IRS Estimates American Underpayment Caused $688 Billion Tax Gap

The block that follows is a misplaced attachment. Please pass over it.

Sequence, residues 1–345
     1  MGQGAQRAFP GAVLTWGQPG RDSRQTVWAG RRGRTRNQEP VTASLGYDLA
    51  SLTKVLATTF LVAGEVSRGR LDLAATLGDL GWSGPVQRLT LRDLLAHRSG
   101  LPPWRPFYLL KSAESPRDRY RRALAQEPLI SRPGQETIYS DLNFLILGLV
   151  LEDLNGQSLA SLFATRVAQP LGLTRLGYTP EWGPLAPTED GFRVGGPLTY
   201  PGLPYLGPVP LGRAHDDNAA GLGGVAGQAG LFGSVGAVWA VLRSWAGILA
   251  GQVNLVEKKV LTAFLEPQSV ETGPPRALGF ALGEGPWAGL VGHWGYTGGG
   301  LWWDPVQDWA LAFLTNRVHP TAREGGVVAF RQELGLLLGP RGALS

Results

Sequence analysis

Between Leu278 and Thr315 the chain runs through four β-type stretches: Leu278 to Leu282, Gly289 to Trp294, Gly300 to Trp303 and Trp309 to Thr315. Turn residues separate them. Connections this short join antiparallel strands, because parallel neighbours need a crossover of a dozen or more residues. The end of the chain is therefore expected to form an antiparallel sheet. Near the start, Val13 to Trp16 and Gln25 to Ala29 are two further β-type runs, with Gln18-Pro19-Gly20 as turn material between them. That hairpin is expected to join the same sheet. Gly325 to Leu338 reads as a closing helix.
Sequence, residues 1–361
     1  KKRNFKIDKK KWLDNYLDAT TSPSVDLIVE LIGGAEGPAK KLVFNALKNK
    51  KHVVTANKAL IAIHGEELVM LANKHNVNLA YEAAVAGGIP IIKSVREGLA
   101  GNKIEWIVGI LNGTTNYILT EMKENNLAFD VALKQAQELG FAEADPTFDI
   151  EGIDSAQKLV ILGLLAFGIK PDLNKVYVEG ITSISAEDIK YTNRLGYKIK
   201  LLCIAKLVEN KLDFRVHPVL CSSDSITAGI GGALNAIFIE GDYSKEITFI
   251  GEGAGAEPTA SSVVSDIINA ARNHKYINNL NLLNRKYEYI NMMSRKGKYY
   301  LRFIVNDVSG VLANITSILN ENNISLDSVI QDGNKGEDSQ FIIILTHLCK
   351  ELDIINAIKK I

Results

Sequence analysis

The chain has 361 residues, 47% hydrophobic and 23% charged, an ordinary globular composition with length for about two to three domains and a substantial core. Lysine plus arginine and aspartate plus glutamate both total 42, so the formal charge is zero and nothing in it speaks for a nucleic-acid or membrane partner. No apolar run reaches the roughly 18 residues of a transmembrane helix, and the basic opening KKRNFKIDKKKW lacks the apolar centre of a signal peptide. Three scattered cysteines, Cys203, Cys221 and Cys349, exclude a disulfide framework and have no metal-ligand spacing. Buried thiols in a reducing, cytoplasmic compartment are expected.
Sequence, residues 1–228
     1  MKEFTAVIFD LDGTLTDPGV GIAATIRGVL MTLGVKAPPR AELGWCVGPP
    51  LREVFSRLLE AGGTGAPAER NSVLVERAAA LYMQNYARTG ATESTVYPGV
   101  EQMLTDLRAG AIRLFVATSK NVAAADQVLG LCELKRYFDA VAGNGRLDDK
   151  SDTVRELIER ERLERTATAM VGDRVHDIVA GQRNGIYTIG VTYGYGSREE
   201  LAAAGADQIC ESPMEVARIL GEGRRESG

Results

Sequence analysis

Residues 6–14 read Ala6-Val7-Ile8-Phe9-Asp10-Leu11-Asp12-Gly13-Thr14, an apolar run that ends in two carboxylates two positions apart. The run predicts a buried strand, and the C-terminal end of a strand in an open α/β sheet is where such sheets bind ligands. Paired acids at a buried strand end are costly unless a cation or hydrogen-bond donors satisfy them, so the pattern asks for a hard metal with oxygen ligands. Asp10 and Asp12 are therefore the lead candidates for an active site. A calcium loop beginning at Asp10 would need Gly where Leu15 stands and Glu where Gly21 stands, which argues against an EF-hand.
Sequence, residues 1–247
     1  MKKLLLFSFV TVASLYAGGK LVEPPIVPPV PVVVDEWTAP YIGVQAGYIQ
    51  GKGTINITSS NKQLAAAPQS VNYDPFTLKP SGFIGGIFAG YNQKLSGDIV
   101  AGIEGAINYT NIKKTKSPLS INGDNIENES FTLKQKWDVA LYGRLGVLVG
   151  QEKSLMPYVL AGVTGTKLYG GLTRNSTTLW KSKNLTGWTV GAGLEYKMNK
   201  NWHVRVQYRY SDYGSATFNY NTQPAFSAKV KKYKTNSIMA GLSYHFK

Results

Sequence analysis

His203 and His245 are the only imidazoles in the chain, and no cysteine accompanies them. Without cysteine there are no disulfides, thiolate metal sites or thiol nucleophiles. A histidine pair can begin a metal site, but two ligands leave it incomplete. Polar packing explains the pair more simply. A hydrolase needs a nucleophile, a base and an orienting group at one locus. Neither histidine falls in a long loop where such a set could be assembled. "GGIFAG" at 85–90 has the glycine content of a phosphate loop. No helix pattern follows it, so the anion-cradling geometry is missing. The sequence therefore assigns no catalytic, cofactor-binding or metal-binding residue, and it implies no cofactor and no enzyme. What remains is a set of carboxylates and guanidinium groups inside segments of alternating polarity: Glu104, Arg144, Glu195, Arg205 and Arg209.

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The Internal Revenue Service (IRS) estimates that the gross tax gap amounts to at least $688 billion, resulting from Americans’ non-filing, underpaying, and underreporting of their taxes. In a Thursday press release, the IRS characterized the tax gap increase as “a significant jump” from previous years’ estimates, though noncompliance was at around 15 percent. IRS Commissioner Danny Werfel said that the agency would apply Inflation Reduction Act (IRA) funds into compliance efforts, namely targeting those with higher incomes and wealth. “With the help of Inflation Reduction Act funding, we are adding focus and resources to areas of compliance concern, including high-income and high-wealth individuals, partnerships and corporations,” said Werfel. “These steps are urgent in many ways, including adding more fairness to the tax system, protecting those who pay their taxes and working to combat the tax gap.” Last month, the IRS announced that it would establish a 3,700-member special pass-through organization within its Large Business and International (LB&I) Division to assist in raising high-income compliance. The newest LB&I Division followed an earlier announcement pledging to “shift attention to [the] wealthy from working-class taxpayers” using an Artificial Intelligence-bolstered detection system. The IRS promised to ensure audit rates wouldn’t increase for those earning less than $400,000 annually and additional safeguards for those claiming the Earned Income Tax Credit. It also promised to began investigations into 75 of the largest industry partnerships in the nation by the end of the month. Earlier this week, the IRS told Microsoft it owed $28.9 billion in tax for 2004 to 2013, plus penalties and interest. Microsoft responded that it disagreed with the IRS determination, and that it has paid over $67 billion in taxes since 2004. Microsoft also said its taxes paid under the Tax Cuts and Jobs Act would decrease the IRS estimation by up to $10 billion. In the largest audit in U.S. history, the IRS rejected Microsoft’s attempts to channel profits to a small factory in Puerto Rico that burned Windows software onto CDs.— ProPublica (@propublica) October 13, 2023 According to the IRS, one percent in compliance equals about $46 billion in collections. That 15 percent noncompliance, therefore, amounts to about $688 billion. CLICK HERE TO GET THE DAILY WIRE APP Last year’s compliance efforts yielded over $4.9 trillion in taxes, penalties, interest, and user fees. The IRS noted in Thursday’s announcement that it anticipated its enforcement efforts and taxpayers’ late payments to shrink the tax gap by $63 billion, achieving 86.3 percent compliance. The projected share of taxes paid between 2014-2016 was 87 percent. The IRS stated that the decline in compliance was due to changes in types of income and how that income is reported, not a shift in compliance behavior. Taxes owed due to nonfiling increased from $41 billion in 2017-2019 to $77 billion in 2021. Taxes owed due to underreporting increased from $445 billion in 2017-2019 to $542 billion in 2021. Taxes owed due to underpayment increased from $64 billion in 2017-2019 to $68 billion in 2021. However, the IRS noted that noncompliance may be greater than their estimates. The agency cited their shortcomings in oversight on pandemic credits, offshore activities, digital assets, cryptocurrency, corporate income tax, and income from flow-through entities and illegal activities as factors that likely rendered their $688 billion figure too low. The IRS also announced that the estimate was the first given for a single tax year, breaking away from prior practice of issuing biennial tax gap projections. Tax gap estimates and projections rely on compliance behavior derived from the most recent completed audits. This latest estimate was gleaned from the 2014-2016 tax years’ audits. The IRS estimated the tax liability to have increased by 38 percent from those years to 2021.

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